Kevin's mother struggles to love her strange child, despite the increasingly vicious things he says and does as he grows up. But Kevin is just getting started, and his final act will be beyond anything anyone imagined.
Mute Hee-Jin is working as a clerk in a fishing resort in the Korean wilderness; selling baits, food and occasionally her body to the fishing tourists. One day she falls in love to ... See full summary »
Isabel Coixet claims that came up with the idea of Rinko Kikuchi's character when she was promoting The Secret Life of Words in Tokio. Coixet was taking pictures on a walk through the city. She arrived at a fish market and tried to take one of a girl who was cleaning fish. The girl refused to get photographed, so Coixet started imagining possible reasons. See more »
After David joins Ryu at the Love Hotel after cutting his hand, Rinko Kikuchi (Ryu) is laying on a couch. Her shoulder is covered in the two close ups but largely uncovered after the cut where the camera is further from her. See more »
After the final credits there's a short scene with the mysterious plant person in the subway tunnel. See more »
One of less warmly received movies at the 2009 Cannes Film Festival seems to have gotten into competition more on the basis of the director Isabel Coixet's credentials, than actual quality. More or less openly inspired by "Lost in Translation" this Spanish production garnishes a more ambitious route suggesting inner knowledge on Tokio reality, not using it as a symbolic vessel of detachment, but as a well-treaded path following a recognisable motif of a would-be assassin, who falls in love with her prey.
By day a physical labourer on the fish market, by night a contract-killer Ryu (Rinko Kikuchi) is hired out by Japanese CEO Nagara (Takeo Nakahara) to avenge the suicide of his daughter, driven apparently to the brink by a failed love affair (the specific nature of this fall-out is never revealed). The target is Spanish wine-seller David (Sergi López), a slightly overweight love-machine with animal magnetism distraught by the suicide and contemplating the same fate. During research Ryu compulsively happens to chance a short affair with the hapless foreigner, a serious breach of contract...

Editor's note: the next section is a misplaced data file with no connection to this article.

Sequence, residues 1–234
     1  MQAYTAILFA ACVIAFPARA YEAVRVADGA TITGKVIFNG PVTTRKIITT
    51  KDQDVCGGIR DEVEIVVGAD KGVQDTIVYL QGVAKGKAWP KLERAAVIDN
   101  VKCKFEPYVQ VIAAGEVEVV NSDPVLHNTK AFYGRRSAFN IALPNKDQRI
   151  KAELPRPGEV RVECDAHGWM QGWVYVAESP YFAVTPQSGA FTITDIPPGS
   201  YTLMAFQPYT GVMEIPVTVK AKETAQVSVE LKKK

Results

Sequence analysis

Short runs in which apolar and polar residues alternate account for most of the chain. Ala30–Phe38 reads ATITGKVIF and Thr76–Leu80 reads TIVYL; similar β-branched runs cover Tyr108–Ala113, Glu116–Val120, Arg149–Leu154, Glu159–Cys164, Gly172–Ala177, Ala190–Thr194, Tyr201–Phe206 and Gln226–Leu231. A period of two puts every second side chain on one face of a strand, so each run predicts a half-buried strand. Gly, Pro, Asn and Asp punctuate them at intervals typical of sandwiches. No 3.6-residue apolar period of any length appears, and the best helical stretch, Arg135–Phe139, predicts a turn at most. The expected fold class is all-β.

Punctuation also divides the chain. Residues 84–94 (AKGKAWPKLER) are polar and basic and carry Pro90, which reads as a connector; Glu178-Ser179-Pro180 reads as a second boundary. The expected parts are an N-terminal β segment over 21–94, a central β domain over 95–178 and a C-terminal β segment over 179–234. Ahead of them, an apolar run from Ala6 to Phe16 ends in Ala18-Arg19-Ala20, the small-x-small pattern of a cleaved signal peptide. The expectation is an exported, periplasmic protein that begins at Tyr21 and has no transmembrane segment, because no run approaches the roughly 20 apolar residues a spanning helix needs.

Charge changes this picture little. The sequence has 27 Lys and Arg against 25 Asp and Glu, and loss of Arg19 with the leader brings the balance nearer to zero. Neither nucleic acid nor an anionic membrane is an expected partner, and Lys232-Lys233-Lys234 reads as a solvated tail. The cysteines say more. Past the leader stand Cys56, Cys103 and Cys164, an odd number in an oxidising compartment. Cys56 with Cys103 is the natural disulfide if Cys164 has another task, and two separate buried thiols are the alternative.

Told with fluid imagery filled less with noise of Tokio, but more of Japanese renditions of Eastern hits, including a pretty awful karaoke attempt at Depeche Mode by the uninspirational Sergi Lopez. At times sensual Coixet entices with nicely shot frames and lingering emotions, but the unfortunate reality is that the fleeting story of "Map of the Sounds of Tokyo" is a muddled collage of beautiful visuals, which make nice eye candy, but a forgettable movie. Nonetheless the invitation to entertain in the less frequented areas of Japanese movies, like the fish market or the automated hotels, does offer gratification, albeit scarcely sufficient to supplement the plot.
The slowly drifting story also falls into the pitfall of English language usage, as both Kikuchi and Lopez struggle to sell the part, when forced into unfamiliar language territory, given an off-key performance, which creates an awkward distance and ambivalence to the characters as well as dissolves the mood and focus set out by the carefully constructed layers of imagery focusing the mood.
Performance-wise the strongest input is guaranteed by older-timer Nakahara, who given the limited screen-time inputs an unwavering presence, while the opening scene at a sushi restaurant is one of the sole reasons why the picture is actually worth a watch. It essentially also lays out the underlying premise - people come to Japan to input their projections of how the country looks, while Japanese in an attempt to be good hosts adhere to their expectations. Unfortunately Coixet fails to listen to her own advice.
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